Should we be offering our tenants a rent reduction?

Should we be offering our tenants a rent reduction?

0:01 AM, 11th July 2023, About 8 months ago 11

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Hello, we have a student let. After some leaks last winter we have decided to replace the roof and install room-in-roof insulation. We were unable to do the work in a void period as we’d signed up the tenants before the leaks started. The builders can do the work from the outside and have advised it’s fine for the tenants to live there while they do it.

However, they have just warned us that it will be noisy and builders tend to start work bright and early when the tenants may be asleep. The work itself should take two weeks but may be a bit stop-start as they have to find times when it’s unlikely to rain. It’s a new tenancy and some of the students will not be living there until after the work is complete anyway as they’ve gone away for the summer.

Should we be offering a rent reduction for those who have rooms on the top floor during the work, or can we suggest they sleep in an empty downstairs room if there’s one available? We’d like to be fair but the roof is costing a great deal and obviously, we don’t want to be losing income unless really necessary – opinions greatly appreciated.

Thanks,

Caroline


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Comments

Barbaracus

6:16 AM, 11th July 2023, About 8 months ago

If the work is not effecting their ability to live in the property then there is no need to offer a rent reduction.

Grumpy Doug

7:08 AM, 11th July 2023, About 8 months ago

If you do that, you need to then figure out how much? And you set a precedent.
I find students appreciate beer/wine.

Graham Bowcock

10:01 AM, 11th July 2023, About 8 months ago

There's no right or wrong answer, it will really depend on the disposition of the tenants and the extent of the works.
The best thing is to sit down with the tenants and keep them informed; they will appreciate it. Be prepared to offer something to the tenants. It will probably be more of a gesture than being very costly; if you are inconveniencing the tenants don't get too wound up about maintaining your income - these thigns are part of running a business.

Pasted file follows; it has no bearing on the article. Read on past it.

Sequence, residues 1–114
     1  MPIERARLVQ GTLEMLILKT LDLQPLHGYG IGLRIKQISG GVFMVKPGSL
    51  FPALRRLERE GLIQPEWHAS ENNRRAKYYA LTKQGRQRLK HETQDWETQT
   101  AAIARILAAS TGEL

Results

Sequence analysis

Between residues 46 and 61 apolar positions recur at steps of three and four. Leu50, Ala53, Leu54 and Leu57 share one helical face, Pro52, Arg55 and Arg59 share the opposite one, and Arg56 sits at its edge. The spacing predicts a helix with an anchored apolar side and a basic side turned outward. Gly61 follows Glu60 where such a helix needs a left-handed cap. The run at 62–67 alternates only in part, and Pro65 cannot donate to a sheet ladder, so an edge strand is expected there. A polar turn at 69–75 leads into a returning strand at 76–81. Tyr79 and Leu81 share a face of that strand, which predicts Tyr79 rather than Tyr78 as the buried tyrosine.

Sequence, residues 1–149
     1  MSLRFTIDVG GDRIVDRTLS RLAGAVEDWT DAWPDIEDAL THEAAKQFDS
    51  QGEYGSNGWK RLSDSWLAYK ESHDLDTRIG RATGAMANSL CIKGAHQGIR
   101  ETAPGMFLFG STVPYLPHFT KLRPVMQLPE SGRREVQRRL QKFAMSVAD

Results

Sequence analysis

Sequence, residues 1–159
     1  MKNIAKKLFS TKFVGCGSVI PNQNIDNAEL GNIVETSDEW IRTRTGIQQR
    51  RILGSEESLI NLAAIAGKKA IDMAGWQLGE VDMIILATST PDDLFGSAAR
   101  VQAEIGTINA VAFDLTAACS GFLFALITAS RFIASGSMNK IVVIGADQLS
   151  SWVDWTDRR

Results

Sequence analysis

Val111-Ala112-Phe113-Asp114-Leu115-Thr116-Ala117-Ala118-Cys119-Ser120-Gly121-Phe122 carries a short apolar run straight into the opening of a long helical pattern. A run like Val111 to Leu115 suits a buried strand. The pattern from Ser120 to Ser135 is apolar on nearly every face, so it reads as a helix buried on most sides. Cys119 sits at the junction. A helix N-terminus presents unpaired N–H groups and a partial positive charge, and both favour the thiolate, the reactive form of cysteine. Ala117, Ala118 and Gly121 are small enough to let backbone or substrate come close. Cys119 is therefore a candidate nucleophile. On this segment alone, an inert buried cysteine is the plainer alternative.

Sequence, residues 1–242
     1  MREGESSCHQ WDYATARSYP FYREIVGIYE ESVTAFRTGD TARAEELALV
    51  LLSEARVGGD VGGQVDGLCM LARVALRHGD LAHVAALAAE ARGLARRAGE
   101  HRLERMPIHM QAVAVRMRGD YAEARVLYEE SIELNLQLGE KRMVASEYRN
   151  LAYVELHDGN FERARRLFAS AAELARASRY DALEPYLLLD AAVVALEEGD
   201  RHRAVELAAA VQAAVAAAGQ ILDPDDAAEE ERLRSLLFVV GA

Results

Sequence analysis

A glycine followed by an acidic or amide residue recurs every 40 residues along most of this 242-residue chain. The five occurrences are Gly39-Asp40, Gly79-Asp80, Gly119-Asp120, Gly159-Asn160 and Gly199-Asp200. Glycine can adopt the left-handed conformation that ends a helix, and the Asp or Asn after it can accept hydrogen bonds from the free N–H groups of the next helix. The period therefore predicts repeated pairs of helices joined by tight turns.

Simon M

12:44 PM, 11th July 2023, About 8 months ago

Discuss with your tenants as adults. You have a duty to make repairs, they have a right to "quiet enjoyment".

Building work tends to reverberate through the house. Sleeping-in and studying would be difficult. Best would be to schedule the work over the Summer when some or all may be elsewhere - apart from alcohol, if they'll be resident at the time, you might offer to pay for their inconvenience to study on campus or in a library.

On the plus side, you can explain the improvements will save on their heating costs through the winter - particularly given the price of gas.

I'd expect to monitor the builder during the work - in my experience they rarely work exactly as agreed.

Reluctant Landlord

12:59 PM, 11th July 2023, About 8 months ago

Nope - just explain your predicament and the fact that you will be trying your best to mitigate disruption, but the work needs doing as priority. Keep the conversation open and honest but explain you are at the behest of weather and contractors ultimately just as they would be if it were their own property. If they contact you while the work is going on about noise etc then you can address that at the time. Once completed you could then go round and say hello and offer a bottle of wine or something to say thanks for their patience. Do this before or during and you have the potential of being possibly taken for a ride and being seen as an easy touch.

David

15:07 PM, 11th July 2023, About 8 months ago

If the students are joint tenants, then they're renting the whole property and you don't have an automatic right to do the work, so in that case you should negotiate.

If they're room only tenants then you would have access for the works, but they should not impinge on the tenants enjoyment of the property, so in that case you should negotiate.

DAMIEN RAFFERTY

21:15 PM, 11th July 2023, About 8 months ago

Do you have a smart TV in the property ?
Do you pay for a TV licence ?
Maybe offer to pay for the TV licence !
Maybe offer to pay for Netflix or Disney for the 12 months they are in the property
Try and make sure any tenant is kept downstairs during the summer.

Caroline Wilson

21:45 PM, 11th July 2023, About 8 months ago

Many thanks all - very useful to see what you think and some good advice here. We tend to agree that good communication is key and our tenants thankfully do understand the work needs to be done. But we'll bear in mind that we may need to compromise and we'll certainly make a gesture of thanks when it's finished. So far so good!

Christopher Lee

5:31 AM, 14th July 2023, About 8 months ago

Reply to the comment left by Caroline Wilson at 11/07/2023 - 21:45
I'd definitely be offering them some money back. A new roof, even only affecting the outside, is very disruptive.and you'll be amazed at how much dirt will be created internally. It'll be noisy as well and impact their quiet enjoyment. Half rent for the duration?

LIZZY7

14:19 PM, 15th July 2023, About 8 months ago

I would email them and let them know timescale and noise issues. Then see if they come back with any demands? I warned my tenants their flat was going to be sold and there would be viewings and straight away they asked for £250pcm rent deduction, which I agreed to to keep them happy. However, I was a bit peeved as they never bothered to make their beds or tidy up a little, even for the photographer! These were adult workers, but your students must be a first time they are living away from home... you don't want their parents getting on to you so best throw in a bonus

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